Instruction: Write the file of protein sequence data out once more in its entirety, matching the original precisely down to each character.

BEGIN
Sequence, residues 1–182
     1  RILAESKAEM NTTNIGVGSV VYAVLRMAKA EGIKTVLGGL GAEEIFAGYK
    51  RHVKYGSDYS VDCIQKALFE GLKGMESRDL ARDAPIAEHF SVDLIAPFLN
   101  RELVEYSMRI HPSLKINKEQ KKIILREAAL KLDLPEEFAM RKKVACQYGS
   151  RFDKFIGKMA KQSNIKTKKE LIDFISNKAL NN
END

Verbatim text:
Sequence, residues 1–182
     1  RILAESKAEM NTTNIGVGSV VYAVLRMAKA EGIKTVLGGL GAEEIFAGYK
    51  RHVKYGSDYS VDCIQKALFE GLKGMESRDL ARDAPIAEHF SVDLIAPFLN
   101  RELVEYSMRI HPSLKINKEQ KKIILREAAL KLDLPEEFAM RKKVACQYGS
   151  RFDKFIGKMA KQSNIKTKKE LIDFISNKAL NN